the health of people, but without the ability to randomly put people on risk categories. This poses the biggest challenge for epidemiologists. Nonetheless, epidemiology is crucial for the detection and treatment of epidemics in infectious diseases such as influenza, HIV or measles.
It is an important question how epidemiologists count the number of people who are at risk for disease and those who already have a disease. These counts are used to calculate disease risks in different parts of the population or for different periods of time.
The goal of epidemiologists is to identify groups of individuals and calculate their risk of disease. Different factors are important for this: the number of people suffering from the disease and the number of people in the part of the population studied by the epidemiologists.
For example, the risk of disease is studied in men aged 50-59 years. The number of men in this age group who may have or develop the disease being studied is the denominator of a risk estimate. The number of people who actually contract the disease is the risk counter. For example, suppose that this study involves 1,000 men in the 50-59 age group and 15 of these men have lung cancer for over 10 years. In this case, the 10-year lung cancer risk in the population would be 15/1000 or 1.5%.
In order to determine and determine the causes and effects of diseases, counts must be compared. Thus, the incidence of coronary heart disease is compared between persons with different characteristics. In this way, one learns to what extent the characteristics contribute to the incidence of diseases.
There are several ways to make such comparisons. Different study designs lead to different measurements to summarize the comparisons of the counts. The widely used measurements in epidemiology are:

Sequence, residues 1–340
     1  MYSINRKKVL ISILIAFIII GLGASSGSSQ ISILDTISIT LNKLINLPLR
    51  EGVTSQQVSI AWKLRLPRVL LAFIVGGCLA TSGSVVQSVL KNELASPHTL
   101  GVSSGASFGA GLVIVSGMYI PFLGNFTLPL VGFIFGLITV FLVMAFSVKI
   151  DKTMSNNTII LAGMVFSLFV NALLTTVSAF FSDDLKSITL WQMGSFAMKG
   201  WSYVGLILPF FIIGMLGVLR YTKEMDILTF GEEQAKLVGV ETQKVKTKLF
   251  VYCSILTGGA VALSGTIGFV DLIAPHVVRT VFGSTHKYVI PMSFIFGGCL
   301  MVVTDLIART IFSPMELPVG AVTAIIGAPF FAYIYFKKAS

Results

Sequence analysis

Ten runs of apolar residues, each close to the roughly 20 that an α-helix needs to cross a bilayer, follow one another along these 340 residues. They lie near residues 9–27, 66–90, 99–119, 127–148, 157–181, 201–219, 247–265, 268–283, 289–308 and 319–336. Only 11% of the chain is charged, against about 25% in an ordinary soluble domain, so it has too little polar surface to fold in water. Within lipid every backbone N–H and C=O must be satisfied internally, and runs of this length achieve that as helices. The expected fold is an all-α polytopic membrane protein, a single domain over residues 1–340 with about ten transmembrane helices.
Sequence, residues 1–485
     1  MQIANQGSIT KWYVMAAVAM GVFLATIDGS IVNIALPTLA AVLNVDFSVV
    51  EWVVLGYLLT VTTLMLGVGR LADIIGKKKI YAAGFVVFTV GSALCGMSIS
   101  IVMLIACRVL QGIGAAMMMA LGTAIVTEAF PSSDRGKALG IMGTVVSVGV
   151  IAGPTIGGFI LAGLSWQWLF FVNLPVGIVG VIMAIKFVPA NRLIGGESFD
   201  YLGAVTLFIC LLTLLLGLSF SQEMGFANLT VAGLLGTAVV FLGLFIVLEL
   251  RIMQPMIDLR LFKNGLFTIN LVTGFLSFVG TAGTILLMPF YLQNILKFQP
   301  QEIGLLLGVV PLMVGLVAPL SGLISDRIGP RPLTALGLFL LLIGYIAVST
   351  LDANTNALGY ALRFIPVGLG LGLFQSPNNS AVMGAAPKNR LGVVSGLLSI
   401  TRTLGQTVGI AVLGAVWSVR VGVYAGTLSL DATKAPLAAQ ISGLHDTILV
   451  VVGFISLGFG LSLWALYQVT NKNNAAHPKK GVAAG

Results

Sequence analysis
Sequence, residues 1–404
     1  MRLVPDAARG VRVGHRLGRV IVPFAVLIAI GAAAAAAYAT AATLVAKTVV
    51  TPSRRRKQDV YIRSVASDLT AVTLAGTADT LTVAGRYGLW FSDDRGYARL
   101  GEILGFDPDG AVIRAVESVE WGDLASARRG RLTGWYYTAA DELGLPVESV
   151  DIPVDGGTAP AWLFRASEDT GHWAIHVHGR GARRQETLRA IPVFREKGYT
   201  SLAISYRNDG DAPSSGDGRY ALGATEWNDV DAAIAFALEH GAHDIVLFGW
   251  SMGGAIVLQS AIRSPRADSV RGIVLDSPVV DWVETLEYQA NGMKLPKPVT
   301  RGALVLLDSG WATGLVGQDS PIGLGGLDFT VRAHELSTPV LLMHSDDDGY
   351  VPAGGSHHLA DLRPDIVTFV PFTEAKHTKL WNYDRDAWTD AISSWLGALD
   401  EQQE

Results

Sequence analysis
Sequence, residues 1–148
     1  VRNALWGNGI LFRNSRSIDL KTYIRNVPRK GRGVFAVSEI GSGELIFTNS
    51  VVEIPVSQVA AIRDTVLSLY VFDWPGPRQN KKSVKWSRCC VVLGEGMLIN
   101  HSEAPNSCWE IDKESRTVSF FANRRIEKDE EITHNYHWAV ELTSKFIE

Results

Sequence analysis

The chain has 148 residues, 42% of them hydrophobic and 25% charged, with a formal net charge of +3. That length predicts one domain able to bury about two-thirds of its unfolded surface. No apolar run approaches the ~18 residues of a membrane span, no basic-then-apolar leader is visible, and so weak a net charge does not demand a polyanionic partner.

The study designs include cohort studies, case-control studies and cross-sectional and ecological comparisons.
Count comparisons are susceptible to error in epidemiology, as often no true value is measured. Thus, in epidemiology, different forms of bias – that is a distortion of the result of a representative survey – are known. These deviations are categorized as follows:
Selection bias: Due to the selection of study participants
Information bias: Due to the way the information is used in the study
Screening Bias: Due to the peculiarity of the screening
The most important step in epidemiology is the comparison of counts with causality statements: If a factor is considered causal, we assume that the frequency of the disease can be changed if that factor is changed. Therefore concepts and strategies are developed. The main goal is to decide if a particular factor is a cause or not. A cause causes something to happen, thus causing or preventing disease. When causes are detected, things can be changed as well.
Although philosophers have long talked about causes and are still talking about them, epidemiologists cling to an age-related pragmatic definition of a cause: „Something that reduces the incidence of disease by taking it away.“ This view points to the current dominant philosophy of thinking about causes in medical statistics and epidemiology based on potential outcomes and counterfactual thinking.
Most diseases have several causes. Sometimes potential causes are so close to one another that it is tempting to mistake one cause for another: we believe that alcohol consumption is linked to lung disease, but it may also be that smokers drink more alcohol than non-smokers. At another time, the effect of the other is increased or decreased. For example, a mutation in a gene can lead to a higher frequency of disease, an environmental factor (eg smoking) can also lead to a higher frequency of the disease. When both causes come together, the resulting burden is much higher. This means that some people only get ill if they are exposed to both factors. The task of Ep
So idiologists also have to separate the effects of mixed causes and, at another point in time, assess their common effects or interactions.